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Besides unusual heavy rains during the first quarter, Vale biggest coal operation, Moatize, in the Tete province, has set a new production record for a first quarter. Although output was down compared to the last quarter of last year, according to the company´s 1Q15 Production Report.
That new record was 1.154- million tons, composed of 727 000 t of metallurgical or coking coal and 427 000 t of thermal coal. Compared with 1Q2014, metallurgical coal output in 1Q2015 was 22.2% higher, while thermal coal production was up 3.2%. However, during 4Q2014, Moatize’s metallurgical coal output was 987 000 t, while that of thermal coal had been 446 000 t. Thus, compared with 4Q2014, 1Q2015 production of metallurgical coal was down 26.3%, while output of thermal coal fell by 4.3%.
“The [total Moatize] output was 279 000 t lower than in 4Q14, due to the abnormal rainy season and the lower physical availability of plant and equipment,” observed Vale in its production report. Abnormal rains have not been the only constraint on Moatize. “The ramp-up of the first phase of the Moatize coal project is currently restricted by the logistics infrastructure – railway and port – which does not allow for total utilisation of the mine’s nominal capacity of 11 Mtpy (million tons per year),” pointed out the report. “Gradually, the . . . logistics bottleneck will be eliminated as we complete and ramp up the Nacala logistics corridor.”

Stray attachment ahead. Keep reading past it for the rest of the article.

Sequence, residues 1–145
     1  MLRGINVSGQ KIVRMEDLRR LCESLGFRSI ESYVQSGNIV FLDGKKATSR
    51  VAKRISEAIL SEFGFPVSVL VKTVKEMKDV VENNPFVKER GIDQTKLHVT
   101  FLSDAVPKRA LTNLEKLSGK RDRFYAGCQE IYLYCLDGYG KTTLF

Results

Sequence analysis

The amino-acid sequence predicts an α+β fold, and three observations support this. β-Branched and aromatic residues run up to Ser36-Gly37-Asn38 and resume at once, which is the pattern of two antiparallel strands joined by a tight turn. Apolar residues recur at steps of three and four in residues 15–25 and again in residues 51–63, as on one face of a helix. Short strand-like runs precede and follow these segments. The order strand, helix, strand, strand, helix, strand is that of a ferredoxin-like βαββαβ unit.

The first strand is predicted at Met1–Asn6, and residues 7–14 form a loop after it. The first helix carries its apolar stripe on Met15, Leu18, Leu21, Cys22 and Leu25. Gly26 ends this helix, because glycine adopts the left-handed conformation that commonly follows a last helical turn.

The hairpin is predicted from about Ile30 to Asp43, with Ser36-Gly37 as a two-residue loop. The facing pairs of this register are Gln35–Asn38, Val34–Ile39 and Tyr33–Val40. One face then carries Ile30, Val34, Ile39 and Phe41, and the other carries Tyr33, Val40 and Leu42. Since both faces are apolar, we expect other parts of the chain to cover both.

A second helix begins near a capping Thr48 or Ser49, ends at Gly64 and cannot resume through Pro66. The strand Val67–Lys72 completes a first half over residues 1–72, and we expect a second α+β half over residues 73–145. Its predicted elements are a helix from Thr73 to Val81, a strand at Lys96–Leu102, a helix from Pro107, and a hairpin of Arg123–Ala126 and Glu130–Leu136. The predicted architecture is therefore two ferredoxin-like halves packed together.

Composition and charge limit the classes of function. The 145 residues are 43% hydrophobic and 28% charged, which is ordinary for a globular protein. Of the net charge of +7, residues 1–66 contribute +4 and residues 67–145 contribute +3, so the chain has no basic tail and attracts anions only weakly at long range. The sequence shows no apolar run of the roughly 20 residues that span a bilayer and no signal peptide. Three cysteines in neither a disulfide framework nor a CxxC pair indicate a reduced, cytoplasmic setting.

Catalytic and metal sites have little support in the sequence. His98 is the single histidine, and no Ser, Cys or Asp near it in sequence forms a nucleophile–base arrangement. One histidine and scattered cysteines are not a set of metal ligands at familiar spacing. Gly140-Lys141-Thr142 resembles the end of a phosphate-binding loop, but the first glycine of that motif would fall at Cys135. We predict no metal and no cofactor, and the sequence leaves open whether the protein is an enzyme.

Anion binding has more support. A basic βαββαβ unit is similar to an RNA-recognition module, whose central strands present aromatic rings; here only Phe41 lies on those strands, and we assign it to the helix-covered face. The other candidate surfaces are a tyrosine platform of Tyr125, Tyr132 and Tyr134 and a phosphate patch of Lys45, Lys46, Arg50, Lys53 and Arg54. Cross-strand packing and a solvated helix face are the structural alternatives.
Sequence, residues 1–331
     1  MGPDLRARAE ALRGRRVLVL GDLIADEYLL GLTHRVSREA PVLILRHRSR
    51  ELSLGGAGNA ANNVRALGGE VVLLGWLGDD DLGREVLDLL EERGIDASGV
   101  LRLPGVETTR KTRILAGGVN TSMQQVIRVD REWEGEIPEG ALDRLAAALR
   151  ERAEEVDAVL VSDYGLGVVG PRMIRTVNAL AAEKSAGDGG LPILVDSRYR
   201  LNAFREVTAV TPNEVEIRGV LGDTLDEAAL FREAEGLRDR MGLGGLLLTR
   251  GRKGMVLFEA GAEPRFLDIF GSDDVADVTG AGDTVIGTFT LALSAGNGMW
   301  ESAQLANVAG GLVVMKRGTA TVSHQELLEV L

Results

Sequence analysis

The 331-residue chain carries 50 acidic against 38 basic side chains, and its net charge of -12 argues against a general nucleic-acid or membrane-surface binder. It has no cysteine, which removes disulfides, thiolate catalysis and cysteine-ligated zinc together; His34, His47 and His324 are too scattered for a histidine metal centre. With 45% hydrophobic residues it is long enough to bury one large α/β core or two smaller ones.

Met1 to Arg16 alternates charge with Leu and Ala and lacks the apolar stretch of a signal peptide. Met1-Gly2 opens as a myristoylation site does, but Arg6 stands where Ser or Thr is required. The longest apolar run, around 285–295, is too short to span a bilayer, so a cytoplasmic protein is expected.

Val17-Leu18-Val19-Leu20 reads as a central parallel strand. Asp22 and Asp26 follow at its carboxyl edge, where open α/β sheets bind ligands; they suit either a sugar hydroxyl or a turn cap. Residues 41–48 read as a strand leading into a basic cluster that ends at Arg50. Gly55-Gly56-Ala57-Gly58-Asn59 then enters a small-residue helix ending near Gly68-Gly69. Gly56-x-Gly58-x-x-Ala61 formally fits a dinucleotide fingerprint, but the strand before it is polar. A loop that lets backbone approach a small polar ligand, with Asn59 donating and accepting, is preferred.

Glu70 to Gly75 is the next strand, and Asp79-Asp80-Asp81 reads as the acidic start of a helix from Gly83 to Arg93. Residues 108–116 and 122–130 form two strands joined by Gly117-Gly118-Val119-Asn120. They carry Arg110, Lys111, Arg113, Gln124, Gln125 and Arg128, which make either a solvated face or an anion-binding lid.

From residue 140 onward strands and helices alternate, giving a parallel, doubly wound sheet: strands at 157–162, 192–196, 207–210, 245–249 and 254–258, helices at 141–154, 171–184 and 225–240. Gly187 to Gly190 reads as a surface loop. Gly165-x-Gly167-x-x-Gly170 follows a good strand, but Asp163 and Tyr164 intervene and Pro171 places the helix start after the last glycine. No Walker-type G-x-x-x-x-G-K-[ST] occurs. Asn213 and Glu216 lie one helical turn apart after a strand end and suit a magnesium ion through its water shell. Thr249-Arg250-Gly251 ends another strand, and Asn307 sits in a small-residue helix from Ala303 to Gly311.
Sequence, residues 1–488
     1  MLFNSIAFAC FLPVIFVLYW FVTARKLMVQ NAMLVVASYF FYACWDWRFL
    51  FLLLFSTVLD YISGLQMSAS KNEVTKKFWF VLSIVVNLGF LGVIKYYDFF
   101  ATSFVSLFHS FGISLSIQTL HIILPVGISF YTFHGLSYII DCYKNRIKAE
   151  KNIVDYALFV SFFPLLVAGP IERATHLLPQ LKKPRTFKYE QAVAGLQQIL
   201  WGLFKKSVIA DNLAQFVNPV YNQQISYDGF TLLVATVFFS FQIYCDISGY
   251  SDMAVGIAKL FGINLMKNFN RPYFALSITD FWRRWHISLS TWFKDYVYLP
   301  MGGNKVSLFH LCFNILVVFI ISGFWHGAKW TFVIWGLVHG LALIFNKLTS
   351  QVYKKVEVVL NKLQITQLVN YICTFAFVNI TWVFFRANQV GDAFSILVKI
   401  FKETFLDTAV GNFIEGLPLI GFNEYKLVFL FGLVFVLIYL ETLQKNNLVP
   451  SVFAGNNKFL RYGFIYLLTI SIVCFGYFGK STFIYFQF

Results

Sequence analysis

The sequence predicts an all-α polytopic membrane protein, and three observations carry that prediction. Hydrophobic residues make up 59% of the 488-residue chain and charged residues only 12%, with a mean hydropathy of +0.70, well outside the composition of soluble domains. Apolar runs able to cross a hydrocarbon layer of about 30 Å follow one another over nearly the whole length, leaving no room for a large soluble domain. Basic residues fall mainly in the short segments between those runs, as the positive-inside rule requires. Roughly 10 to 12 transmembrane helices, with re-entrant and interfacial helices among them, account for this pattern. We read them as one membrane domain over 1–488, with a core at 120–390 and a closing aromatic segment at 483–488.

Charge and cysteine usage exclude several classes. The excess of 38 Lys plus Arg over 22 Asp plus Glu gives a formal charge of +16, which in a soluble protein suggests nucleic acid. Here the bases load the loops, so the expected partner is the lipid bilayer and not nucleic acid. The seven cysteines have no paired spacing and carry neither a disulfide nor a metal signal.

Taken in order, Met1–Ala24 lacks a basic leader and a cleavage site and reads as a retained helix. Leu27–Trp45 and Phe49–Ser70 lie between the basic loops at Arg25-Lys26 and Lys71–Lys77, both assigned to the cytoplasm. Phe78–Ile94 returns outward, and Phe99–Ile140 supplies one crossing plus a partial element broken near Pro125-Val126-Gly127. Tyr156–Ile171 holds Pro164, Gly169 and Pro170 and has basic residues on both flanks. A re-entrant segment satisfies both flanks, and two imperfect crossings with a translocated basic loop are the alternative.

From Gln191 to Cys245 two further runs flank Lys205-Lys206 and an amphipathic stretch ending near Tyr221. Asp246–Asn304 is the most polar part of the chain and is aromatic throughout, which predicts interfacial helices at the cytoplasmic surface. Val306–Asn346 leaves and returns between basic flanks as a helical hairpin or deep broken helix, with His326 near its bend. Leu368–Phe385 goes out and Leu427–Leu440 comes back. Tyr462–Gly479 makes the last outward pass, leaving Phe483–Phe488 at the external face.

Currently, Vale has to rely on the Sena railway from Tete to the port city of Beira to transport Moatize’s coal to the coast for export. However, the capacity of this line is insufficient to carry all the coal that could be mined at Moatize if that operation functioned at or near full capacity. Instead, Vale has been developing an alternative – the Nacala Corridor. This comprises a 912 km railway from Tete, through Malawi, to the Mozambican port of Nacala, where a coal export terminal is being established. Some of this line is new construction but most of it already exists and is being significantly upgraded. It will have a nominal annual capacity of 18-million tons. In addition, the Nacala port is also being upgraded with a new coal terminal to handle the coal from Moatize.
“Some brownfield sections in the [Nacala] railway, which were already upgraded, were washed away by the abnormal rainfalls that reached the region,” stated Vale. “These sections were fully recovered and the railway tests, which were delayed, are now performing according to our plans.
The greenfield sections of the Nacala Corridor achieved 99%, while the Nacala Port reached 97% physical progress.” The Vale group’s total coal production came to 1.695-million tons during 1Q2015, the Carborough Downs operation, in Australia, contributing the extra 541 000 t over and above Moatize’s production.
On the other hand, its production was up 636.4%, compared with 1Q2014. Vale’s other two Australian coal operations, Integra and Isaac Plains, were placed on care and maintenance during 2Q2014 and 3Q2014 respectively, although production from their openpits continued until coal production ceased in 3Q2014 and 4Q2014 respectively. Vale’s only other active African operation is the Lubambe copper mine, in Zambia.
A joint venture between Vale and South Africa’s African Rainbow Minerals holds 80% of the mine, with the other 20% belonging to the State-owned Zambia Consolidated Copper Mines Investment Holdings. “Lubambe,” reported Vale, “is ramping up and delivering 6 400 t of copper in concentrates on a 100% basis (attributable production of 2 600 t). Lubambe has a nominal capacity of 45 000 t per year.”